This tin, which was discovered in Rome in 1983, is over 2,000 years old and contains what is believed to be the oldest face cream ever found. The ingredients are animal fats, starch, and minerals. Would you ever try their recipe?

Golden Octopus Helmet

If your eyes popped out upon seeing the huge, elaborate, gold, and silvery piece that once guarded Emperor Maximilian, then you’ll probably be pretty blown away to see this strange samurai helmet which is covered in a golden octopus.

Source: Reddit by PolarMolecule

The helmet is about 300 years old and is on display in Florence at Italy’s Stibbert Museum. Many believe that the octopus design represents Akkorokamui, an ancient Japanese sea god associated with healing power. It’s also associated with fickleness.

Greek Glass Mosaic

Sometimes you have to stop and marvel at the sheer amount of lost beauty in the world. This 2,000-year-old glass mosaic of the Greek muses was recovered from what remains of the ancient city of Zeugma in modern-day Turkey.

Source: classicalwisdom.com

This mesmerizing mosaic, which once adorned a wealthy Roman’s villa in the ancient city of Zeugma, has been able to stand the test of time. The city was previously a part of Greece before it was taken over by the Romans and named Commagene after the King.

Huts Made Out of Mammoth Bones

You might have already seen how prehistoric people made sculptures of clay and crystal tips for spears or arrows. Now, we’ll see how they made and decorated some of their homes. They did this by making huts out of mammoth bones and hides.

Source: thevintagenews.com by Ian Harvey

Archaeologists made an exciting discovery—during prehistoric times, the first house in the world was partially built using mammoth bones! These scientists gained new insights into the lives of our ancestors and opened up new possibilities regarding paleo-ecology.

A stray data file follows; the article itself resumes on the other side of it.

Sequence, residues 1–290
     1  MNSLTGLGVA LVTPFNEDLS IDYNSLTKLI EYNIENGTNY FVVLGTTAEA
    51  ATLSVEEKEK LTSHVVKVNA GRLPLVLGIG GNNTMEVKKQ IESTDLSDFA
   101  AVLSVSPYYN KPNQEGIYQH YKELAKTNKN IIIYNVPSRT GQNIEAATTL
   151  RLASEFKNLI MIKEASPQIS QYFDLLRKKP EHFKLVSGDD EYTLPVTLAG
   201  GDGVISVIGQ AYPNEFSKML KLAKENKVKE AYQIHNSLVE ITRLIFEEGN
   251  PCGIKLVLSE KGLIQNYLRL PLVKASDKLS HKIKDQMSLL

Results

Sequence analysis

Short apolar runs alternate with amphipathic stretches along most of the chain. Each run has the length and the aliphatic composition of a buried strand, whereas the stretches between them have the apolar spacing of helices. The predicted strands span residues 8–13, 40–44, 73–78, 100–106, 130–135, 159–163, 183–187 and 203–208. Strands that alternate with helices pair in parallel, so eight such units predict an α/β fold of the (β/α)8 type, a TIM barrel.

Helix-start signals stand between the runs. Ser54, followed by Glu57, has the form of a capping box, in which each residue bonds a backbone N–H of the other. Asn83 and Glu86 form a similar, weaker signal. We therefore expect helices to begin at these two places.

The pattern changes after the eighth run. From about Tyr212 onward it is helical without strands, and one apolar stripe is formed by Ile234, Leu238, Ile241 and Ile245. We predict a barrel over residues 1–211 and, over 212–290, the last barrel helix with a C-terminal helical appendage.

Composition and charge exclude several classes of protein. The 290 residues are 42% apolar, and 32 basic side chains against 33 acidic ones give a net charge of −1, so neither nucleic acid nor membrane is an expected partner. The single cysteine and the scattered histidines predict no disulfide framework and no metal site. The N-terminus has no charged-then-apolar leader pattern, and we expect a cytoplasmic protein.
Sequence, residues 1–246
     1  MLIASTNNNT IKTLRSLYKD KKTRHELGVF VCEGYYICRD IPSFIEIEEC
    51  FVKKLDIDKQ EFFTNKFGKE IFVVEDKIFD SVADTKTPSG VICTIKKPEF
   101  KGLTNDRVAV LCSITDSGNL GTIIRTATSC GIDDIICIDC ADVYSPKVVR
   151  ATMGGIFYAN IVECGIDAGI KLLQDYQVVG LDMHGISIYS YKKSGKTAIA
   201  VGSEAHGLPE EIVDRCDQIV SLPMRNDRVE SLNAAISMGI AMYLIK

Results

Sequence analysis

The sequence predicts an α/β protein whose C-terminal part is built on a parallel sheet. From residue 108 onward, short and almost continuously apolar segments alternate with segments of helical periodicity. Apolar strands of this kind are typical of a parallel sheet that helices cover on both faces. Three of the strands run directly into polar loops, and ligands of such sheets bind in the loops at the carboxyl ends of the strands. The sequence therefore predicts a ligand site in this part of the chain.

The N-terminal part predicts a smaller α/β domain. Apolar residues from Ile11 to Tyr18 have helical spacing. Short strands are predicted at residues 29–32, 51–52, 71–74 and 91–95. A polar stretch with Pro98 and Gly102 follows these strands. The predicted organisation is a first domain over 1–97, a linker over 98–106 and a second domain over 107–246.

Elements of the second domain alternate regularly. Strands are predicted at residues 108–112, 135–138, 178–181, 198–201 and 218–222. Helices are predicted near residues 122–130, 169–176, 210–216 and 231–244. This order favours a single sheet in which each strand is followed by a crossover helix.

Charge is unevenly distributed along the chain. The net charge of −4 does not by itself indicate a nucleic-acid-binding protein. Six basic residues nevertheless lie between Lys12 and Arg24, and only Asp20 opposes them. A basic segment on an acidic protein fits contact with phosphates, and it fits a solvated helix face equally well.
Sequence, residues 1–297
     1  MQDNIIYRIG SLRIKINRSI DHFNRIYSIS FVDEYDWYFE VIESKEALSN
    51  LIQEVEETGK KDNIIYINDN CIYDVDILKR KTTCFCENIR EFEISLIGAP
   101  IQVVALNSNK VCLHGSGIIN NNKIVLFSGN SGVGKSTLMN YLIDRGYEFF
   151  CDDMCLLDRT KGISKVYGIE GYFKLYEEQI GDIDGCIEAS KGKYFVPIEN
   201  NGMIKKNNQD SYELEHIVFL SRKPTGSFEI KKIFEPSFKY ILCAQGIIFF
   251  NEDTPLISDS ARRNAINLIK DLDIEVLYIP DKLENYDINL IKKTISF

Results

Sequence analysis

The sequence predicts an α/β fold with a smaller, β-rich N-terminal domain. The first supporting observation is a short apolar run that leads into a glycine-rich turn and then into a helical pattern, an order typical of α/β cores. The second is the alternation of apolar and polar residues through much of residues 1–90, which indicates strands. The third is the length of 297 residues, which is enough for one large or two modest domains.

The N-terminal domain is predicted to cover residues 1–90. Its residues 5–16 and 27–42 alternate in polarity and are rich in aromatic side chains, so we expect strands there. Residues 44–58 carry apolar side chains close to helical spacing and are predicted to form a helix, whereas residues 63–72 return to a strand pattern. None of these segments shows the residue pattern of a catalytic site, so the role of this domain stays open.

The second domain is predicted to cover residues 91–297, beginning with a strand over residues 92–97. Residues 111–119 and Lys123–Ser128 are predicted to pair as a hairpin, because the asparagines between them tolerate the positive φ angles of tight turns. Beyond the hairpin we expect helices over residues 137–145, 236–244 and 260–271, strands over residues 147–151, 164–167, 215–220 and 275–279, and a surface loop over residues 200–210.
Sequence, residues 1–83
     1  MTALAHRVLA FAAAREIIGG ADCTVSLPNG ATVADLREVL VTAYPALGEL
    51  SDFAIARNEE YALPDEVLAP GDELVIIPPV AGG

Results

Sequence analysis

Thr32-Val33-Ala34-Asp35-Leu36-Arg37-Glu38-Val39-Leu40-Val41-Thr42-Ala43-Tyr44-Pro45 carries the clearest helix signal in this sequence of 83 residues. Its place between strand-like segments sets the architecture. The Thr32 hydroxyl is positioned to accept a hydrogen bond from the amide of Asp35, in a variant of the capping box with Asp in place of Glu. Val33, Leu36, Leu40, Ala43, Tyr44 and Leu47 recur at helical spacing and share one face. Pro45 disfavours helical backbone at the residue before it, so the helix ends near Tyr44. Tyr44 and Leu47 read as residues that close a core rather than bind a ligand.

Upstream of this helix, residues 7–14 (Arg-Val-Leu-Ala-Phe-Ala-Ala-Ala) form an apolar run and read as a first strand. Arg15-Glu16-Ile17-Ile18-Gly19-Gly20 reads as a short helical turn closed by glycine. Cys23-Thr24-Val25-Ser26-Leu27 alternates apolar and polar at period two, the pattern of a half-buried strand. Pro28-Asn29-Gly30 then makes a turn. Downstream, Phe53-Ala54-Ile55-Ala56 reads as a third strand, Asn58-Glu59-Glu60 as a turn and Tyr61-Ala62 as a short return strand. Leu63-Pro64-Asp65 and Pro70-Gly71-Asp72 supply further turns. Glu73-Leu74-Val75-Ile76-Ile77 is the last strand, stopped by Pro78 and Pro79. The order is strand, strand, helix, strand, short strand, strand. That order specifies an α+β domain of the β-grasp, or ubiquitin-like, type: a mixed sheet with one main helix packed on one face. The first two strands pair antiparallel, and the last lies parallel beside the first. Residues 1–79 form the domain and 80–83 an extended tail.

Ice Age Ochre Paintings

Prehistoric people were not only creative builders, but they were also surprisingly skilled artists. This giant painting was found deep within the forests of the Amazon. Archaeologists have theorized that the painting dates as far back as the Ice Age.

Source Reddit by OpenVeterinarian

This painting from the Upper Paleolithic period, which was drawn using ochre, is one of the most important pieces of art in human history. It not only depicts ancient people and animals, but it also tells a story about a key moment in our evolution.

Ottoman Tent

The tent is a useful invention. It allows people to assemble and disassemble portable shelters in just a matter of minutes. Tents have been commonplace throughout much of recorded history and are still used for various purposes in different parts of the world.

Source: myarmoury.com by Nils Anderssen

This 17th-century silk, cotton, and satin Ottoman tent was used for sheltering goods and housing people or for the nobility’s ceremonial events. The tent is said to be eight meters wide, twenty meters long, and six meters high!

Iranian Fish Bowl

This bowl was made and expertly painted in the Iranian city of Kashan between the 13th to 14th centuries. Its colors and proportions make the fish seem like they are swimming right to the center of the bowl.

Source: chron.com by Thomas R. DuBrock

This bowl and similar pieces are currently on display in the Hossein Afshar Collection at Houston’s Museum of Fine Arts. Wouldn’t it be nice if bowls like these were more commonplace? They would really help you to step up your hosting game!